Brazil club punished for racially abusing referee


SAO PAULO (AP) — A sports tribunal has ordered a club in southern Brazil to play five matches away from its stadium because its fans racially abused a referee during a match.

The tribunal also fined Esportivo about $13,000 after some of its supporters allegedly called the referee a "monkey" and told him to "return to the jungle" in a match in the Rio Grande do Sul state championship on March 5. The fans also vandalized the referee's car and left bananas on top of it.

Esportivo was in danger of being banned from this year's regional tournament but the tribunal decided late Thursday only to keep the team from playing at its stadium in the city of Bento Goncalves in its next five home matches.

The club can appeal.

At the time of the trial, referee Marcio Chagas da Silva was in Brasilia meeting with Brazilian President Dilma Rousseff, who invited him and two Brazilian players also targeted by racist taunts recently.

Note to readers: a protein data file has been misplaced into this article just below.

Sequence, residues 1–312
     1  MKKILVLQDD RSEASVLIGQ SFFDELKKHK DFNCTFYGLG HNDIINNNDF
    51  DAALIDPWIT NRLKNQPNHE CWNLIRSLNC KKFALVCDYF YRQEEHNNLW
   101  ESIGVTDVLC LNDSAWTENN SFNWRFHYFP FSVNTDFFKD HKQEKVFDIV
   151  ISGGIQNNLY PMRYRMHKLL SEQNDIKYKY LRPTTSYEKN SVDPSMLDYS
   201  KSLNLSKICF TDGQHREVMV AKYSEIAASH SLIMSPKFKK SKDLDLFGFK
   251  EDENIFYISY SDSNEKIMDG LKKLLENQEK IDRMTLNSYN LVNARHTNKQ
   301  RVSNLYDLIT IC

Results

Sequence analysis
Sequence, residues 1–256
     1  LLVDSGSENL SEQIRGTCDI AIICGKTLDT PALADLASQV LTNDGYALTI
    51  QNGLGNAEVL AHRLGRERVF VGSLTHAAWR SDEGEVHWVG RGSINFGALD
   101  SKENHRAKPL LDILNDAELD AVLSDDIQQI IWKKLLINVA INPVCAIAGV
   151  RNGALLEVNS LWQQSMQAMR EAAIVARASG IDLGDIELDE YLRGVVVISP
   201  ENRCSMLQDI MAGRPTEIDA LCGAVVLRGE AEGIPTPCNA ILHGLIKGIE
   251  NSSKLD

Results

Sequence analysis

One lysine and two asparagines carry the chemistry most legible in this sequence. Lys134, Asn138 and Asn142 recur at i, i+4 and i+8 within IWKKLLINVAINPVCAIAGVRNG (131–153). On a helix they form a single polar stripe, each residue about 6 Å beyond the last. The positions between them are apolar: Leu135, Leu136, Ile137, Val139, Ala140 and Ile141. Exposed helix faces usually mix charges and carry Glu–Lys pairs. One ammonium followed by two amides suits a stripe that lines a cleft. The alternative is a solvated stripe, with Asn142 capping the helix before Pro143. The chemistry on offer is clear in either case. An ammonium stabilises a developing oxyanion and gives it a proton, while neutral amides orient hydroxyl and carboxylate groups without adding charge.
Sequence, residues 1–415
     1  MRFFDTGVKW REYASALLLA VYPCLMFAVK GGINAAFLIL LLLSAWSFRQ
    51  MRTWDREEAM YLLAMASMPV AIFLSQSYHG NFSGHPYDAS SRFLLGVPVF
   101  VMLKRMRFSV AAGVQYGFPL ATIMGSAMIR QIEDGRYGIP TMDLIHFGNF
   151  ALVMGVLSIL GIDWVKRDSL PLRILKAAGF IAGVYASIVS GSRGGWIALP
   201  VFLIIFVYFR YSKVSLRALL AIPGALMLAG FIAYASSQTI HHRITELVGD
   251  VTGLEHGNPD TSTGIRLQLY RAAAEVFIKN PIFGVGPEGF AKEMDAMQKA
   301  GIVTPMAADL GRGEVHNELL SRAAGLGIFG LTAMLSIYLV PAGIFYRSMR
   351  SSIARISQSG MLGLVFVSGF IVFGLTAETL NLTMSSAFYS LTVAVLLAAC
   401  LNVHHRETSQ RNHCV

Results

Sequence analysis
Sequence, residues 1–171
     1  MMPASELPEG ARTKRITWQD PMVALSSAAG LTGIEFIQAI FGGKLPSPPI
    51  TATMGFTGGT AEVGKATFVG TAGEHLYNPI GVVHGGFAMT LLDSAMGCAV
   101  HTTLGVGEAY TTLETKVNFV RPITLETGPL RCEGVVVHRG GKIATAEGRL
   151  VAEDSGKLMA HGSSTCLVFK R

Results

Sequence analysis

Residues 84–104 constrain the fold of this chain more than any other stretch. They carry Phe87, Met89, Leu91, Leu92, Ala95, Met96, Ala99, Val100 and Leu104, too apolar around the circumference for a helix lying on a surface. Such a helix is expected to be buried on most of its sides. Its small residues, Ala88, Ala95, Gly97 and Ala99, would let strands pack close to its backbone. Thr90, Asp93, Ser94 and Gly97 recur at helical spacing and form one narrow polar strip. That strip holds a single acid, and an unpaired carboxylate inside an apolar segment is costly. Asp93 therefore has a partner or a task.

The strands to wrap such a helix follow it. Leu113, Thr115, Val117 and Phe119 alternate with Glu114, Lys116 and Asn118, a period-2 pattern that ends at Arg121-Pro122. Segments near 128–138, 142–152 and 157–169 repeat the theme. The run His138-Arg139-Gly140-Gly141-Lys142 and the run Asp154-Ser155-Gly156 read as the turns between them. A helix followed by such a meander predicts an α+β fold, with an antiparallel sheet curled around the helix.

One of them was Cruzeiro midfielder Tinga, who last month heard "monkey" chants every time he touched the ball during a Copa Libertadores match in Peru.

The other player was Santos midfielder Arouca, who also was taunted with "monkey" chants while being interviewed by reporters after a match in the Sao Paulo state championship last week. Arouca was not able to meet with the president because he said he had previous commitments with his club.

Mogi Mirim, whose fans were allegedly responsible for the taunts against Arouca, is also expected to be punished by a sports tribunal.

The recent racism cases made front-page headlines in the country that will host the World Cup in three months. Rousseff had already publicly condemned the racist incidents, saying "sports can never serve as a stage for prejudice."

Players and fans carried banners with anti-racism messages in several matches last weekend and more are planned in upcoming matches. In its next game, Santos will wear a uniform with the words "black with pride" on it.

FIFA has sponsored anti-racism campaigns in Europe that have had modest levels of success, and it has promised to raise more awareness during this year's World Cup.

Rousseff said on her Twitter account recently that she has already talked to the U.N. and to FIFA to make the World Cup in Brazil the "World Cup for Peace" and the "World Cup Against Racism."


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